Students and faculty members gathered to discuss the differences in the implementation of policies and rules between in dorms at the annual School Congress on November 14, 2011.
According to Paul Murphy, Dean of Students, the entire faculty and approximately 275 student leaders were invited to attend the Congress, which was organized by the Student Council and the Faculty Advisory Committee (AdCom).
According to MJ Engel ’13, Upper Class Representative, Student Council originally intended the Congress to focus its discussion on the discrepancies between rules across the different dorms.
Student Council decided to broaden the topic to include other issues of residential life. In addition to disparities between dorms, they discussed issues surrounding sign-in policies, room searches, restriction and the sanctuary policy.
Murphy said that the Congress was able to reach consensus on most issues, including room searches and disparities between dorms.
The Congress agreed that it was necessary for the school to reserve the right to conduct room searches and acknowledged that the searches were carried out infrequently enough that they do not seem to threaten the privacy of students.
The Congress also believed that dorms could not be expected to enforce policies to exactly the same degree and recognized that there would be, within reason, some disparity across different dorms.
Murphy plans to bring up unresolved issues remaining from School Congress, including sign-in times and restriction as a means of punishment, in future faculty meetings.
Murphy said, “I never think we’re going get anything done specifically on that Monday night. It’s going to be the start of a conversation.”
Uday Singh ’12, President of Student Council, hopes to tackle unresolved issues in faculty conversations at the Deans’ Table or at another forum open to members of the community.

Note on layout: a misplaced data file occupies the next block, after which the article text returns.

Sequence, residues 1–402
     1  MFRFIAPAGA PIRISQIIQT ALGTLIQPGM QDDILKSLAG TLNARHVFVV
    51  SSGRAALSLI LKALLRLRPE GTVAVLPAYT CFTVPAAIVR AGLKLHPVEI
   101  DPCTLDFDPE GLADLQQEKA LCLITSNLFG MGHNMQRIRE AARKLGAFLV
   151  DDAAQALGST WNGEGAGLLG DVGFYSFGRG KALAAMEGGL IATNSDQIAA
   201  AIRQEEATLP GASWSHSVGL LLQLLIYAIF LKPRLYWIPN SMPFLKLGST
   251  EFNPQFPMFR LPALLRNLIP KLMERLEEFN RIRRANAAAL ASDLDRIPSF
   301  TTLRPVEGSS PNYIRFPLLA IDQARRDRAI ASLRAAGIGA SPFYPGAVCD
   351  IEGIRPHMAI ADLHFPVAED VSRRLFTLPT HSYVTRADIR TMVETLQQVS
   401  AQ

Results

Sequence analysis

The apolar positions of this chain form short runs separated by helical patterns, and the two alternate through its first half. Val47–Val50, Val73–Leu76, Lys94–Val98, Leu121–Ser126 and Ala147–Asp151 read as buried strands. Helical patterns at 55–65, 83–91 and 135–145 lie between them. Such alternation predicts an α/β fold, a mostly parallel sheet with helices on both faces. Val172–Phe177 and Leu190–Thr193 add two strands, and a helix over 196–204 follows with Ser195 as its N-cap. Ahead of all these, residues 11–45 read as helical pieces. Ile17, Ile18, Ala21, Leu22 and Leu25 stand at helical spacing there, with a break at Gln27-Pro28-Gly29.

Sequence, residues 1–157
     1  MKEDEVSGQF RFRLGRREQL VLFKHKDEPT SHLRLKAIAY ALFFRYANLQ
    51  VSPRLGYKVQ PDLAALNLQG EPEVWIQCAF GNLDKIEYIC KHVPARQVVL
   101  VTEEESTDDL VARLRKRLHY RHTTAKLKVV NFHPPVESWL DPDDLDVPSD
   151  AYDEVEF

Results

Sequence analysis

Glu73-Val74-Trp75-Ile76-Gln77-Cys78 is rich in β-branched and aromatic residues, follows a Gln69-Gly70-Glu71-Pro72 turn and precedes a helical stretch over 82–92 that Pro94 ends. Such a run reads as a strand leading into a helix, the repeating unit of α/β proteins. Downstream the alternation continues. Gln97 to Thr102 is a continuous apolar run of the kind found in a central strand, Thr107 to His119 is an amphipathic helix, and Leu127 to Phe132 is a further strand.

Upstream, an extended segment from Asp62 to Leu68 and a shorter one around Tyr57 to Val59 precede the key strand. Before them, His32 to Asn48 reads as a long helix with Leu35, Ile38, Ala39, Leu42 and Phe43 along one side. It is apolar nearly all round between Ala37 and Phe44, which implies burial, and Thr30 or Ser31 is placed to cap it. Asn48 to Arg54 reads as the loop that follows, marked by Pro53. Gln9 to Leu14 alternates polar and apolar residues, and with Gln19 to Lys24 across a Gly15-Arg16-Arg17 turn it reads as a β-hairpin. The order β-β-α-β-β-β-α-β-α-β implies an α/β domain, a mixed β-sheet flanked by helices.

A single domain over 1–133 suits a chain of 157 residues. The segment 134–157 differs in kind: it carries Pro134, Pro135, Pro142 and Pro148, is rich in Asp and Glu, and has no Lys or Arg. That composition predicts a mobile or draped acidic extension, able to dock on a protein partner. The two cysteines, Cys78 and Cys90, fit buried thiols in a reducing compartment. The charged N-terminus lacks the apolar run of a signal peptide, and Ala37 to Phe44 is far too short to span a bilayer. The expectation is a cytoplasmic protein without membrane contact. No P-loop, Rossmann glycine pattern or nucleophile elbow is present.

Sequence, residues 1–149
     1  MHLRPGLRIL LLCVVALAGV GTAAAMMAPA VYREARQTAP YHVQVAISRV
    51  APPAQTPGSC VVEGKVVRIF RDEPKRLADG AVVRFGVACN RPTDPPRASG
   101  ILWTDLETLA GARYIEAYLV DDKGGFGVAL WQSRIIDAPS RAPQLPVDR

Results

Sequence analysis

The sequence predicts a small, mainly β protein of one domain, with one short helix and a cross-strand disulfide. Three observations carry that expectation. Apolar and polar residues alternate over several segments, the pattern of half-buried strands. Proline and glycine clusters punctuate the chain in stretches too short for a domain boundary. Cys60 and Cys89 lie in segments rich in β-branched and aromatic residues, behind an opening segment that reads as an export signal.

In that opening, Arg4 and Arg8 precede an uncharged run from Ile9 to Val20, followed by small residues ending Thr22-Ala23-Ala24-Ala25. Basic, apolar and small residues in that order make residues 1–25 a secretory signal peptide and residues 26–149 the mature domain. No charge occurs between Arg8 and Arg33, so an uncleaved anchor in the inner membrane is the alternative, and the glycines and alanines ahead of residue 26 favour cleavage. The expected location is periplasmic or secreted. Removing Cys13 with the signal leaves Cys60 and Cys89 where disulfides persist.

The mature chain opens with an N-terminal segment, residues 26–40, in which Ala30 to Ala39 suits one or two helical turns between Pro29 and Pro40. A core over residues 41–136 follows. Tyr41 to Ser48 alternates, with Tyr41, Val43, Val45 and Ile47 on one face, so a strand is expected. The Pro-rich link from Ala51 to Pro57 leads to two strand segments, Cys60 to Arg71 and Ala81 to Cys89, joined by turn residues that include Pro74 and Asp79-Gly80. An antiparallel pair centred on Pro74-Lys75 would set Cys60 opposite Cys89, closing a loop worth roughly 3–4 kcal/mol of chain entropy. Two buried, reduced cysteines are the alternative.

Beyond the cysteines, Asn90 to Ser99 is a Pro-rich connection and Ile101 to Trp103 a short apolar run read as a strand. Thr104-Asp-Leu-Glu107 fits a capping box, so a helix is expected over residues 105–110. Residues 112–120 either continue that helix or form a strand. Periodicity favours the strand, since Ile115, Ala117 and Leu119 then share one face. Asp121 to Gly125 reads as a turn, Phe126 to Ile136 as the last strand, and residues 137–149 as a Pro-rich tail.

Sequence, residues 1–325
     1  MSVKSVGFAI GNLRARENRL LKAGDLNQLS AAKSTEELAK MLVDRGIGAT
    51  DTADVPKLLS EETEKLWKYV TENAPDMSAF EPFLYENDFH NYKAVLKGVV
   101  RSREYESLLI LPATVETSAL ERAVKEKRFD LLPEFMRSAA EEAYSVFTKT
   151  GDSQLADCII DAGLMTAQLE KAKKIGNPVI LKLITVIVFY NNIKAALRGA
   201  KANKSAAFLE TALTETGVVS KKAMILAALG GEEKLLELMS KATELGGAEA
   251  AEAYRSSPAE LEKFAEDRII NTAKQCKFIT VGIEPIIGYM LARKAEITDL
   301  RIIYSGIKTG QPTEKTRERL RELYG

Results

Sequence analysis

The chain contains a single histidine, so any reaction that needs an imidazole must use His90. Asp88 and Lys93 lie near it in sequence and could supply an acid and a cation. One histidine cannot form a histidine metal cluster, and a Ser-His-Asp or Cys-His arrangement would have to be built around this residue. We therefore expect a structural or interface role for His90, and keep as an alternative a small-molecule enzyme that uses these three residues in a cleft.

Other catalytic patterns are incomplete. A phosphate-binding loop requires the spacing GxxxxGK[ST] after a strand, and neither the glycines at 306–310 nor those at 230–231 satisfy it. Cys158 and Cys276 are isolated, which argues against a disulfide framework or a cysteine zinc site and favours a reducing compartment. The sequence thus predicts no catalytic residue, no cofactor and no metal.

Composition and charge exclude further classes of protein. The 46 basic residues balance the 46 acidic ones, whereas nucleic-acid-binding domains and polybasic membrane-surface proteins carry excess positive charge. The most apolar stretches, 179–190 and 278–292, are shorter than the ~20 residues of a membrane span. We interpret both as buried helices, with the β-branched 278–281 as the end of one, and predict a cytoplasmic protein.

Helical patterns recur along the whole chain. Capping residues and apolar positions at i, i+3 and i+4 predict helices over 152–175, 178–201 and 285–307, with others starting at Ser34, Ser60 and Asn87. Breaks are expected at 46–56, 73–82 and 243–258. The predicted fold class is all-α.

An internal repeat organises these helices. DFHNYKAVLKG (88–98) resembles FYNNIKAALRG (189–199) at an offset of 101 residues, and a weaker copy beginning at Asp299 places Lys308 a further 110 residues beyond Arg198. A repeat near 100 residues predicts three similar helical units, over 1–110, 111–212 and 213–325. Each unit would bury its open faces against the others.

“[The Congress’ purpose] is to get people thinking, and a lot of times, there’s not a lot of thinking about things that we accept as the norms of Andover,” he said.
Katie Hebb ’12 said that she thought the broadness of the discussion resulted in vague and less productive discourse.
She added that the presence of some of her previous house counselors made it difficult to have a completely candid discussion.
According to Singh, Student Council tried to increase underclass representation at this year’s Congress by inviting underclassmen dorm reps.
Singh said that encouraging student attendance was challenging this year.
“A lot of students would rather do their homework or their essay rather than contribute to a discussion which may actually affect their future in the school. So, for us, it’s always a problem getting them to come [to the Congress],” he said.
Engel said that attendance was low because invitations were sent to students only two days before the Congress.
Attendees were initially split into student-faculty groups of around 15 members. Each group engaged in separate discussions led by a designated student and faculty leader.
To conclude the Congress, the groups reconvened in Kemper Auditorium, where group leaders presented their group’s conclusions to the rest of the Congress.
Club leaders, cluster presidents, proctors, prefects, CAMD leaders, community service leaders, captains of varsity teams, dorm representatives and PACE seniors represented the student body at the Congress.
Scott Livingston contributed to reporting.